This black terracotta is broken at the waste and depicts a simple body decorated with globs of clay decorated with punch-marked decorations. The face is modeled a bit more realistically with wide-open eyes and a full mouth. The front of her hair is in a series of rounded ball-like curls and a circular starburst decoration is at the top. The other oval globs frame the face of the goddess and cascade down what is left of her body.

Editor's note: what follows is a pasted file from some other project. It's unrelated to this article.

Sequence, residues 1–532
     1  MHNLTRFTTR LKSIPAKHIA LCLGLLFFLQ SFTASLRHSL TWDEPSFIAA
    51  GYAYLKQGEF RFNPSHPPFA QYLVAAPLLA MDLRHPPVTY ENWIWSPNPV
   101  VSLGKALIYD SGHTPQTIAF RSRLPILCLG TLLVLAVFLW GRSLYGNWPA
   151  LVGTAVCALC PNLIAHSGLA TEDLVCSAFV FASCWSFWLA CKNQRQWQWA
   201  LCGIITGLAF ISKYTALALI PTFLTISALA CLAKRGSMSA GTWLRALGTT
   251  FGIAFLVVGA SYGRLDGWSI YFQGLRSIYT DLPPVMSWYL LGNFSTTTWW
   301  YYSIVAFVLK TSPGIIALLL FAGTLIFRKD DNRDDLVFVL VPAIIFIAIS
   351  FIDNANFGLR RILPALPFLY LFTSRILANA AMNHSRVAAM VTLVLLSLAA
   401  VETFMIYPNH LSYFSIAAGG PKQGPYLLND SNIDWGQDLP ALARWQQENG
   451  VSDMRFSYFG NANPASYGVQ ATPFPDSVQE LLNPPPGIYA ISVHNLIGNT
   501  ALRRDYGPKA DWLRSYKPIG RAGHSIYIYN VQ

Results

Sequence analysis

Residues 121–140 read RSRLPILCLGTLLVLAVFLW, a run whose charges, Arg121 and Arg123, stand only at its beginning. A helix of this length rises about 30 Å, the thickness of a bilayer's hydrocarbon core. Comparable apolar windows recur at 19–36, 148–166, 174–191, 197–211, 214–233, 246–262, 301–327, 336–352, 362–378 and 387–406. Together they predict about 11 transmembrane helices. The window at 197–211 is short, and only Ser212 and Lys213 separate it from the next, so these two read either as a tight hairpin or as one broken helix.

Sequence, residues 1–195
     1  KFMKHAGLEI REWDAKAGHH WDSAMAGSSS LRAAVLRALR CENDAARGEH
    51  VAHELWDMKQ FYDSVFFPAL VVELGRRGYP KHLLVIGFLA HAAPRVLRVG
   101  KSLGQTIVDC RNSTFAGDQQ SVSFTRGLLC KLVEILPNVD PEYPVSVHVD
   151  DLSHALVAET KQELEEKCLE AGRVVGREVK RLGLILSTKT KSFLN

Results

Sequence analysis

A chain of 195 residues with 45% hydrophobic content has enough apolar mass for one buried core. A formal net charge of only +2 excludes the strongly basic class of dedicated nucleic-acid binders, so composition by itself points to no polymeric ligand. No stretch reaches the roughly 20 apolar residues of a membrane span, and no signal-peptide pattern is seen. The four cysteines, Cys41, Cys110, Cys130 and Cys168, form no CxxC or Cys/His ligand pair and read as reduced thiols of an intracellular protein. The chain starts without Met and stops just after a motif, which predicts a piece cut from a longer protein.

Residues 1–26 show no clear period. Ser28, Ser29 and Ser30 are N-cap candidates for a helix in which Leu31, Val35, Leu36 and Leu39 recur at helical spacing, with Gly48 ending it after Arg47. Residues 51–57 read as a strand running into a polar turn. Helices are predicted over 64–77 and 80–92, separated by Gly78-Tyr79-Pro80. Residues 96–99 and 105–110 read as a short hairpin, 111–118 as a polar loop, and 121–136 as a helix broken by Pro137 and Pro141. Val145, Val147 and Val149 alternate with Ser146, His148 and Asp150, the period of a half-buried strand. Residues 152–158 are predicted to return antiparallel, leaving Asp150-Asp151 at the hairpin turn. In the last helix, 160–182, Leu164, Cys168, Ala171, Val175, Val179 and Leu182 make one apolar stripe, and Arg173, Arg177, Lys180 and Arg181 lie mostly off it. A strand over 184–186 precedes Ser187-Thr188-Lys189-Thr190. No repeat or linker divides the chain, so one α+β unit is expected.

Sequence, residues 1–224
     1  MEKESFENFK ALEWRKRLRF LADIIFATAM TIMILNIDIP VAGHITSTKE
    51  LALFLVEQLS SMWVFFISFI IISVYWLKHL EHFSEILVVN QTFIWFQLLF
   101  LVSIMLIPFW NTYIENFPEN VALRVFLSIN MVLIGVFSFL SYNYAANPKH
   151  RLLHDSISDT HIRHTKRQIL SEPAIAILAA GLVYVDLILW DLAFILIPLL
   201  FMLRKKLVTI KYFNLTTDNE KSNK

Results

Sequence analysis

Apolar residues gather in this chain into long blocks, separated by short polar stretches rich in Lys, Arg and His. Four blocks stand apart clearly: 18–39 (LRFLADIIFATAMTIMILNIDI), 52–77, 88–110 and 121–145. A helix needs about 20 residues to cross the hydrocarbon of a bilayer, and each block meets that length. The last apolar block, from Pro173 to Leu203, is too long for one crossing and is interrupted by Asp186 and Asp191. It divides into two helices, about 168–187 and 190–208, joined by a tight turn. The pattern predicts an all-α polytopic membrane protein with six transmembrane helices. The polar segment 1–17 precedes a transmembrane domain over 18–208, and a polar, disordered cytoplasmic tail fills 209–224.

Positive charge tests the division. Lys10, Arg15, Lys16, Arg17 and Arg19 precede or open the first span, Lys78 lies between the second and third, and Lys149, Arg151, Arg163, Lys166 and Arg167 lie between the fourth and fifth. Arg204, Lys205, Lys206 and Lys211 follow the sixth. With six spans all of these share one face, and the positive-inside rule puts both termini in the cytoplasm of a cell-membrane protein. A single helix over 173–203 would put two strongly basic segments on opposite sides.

Worship of a mother goddess was widespread across northern India as far back as the third millennium BCE, during the age of the Indus Valley Civilization. Throughout the centuries, village women have created their own votive figures from clay, an inexpensive material that was always available. Small images were made entirely by hand or, as in this case, with the aid of a mold. Bits of clay were then appliquéd to the surface and decorated with punched patterns for a very pleasing effect. This mother goddess is the oldest object in the exhibition.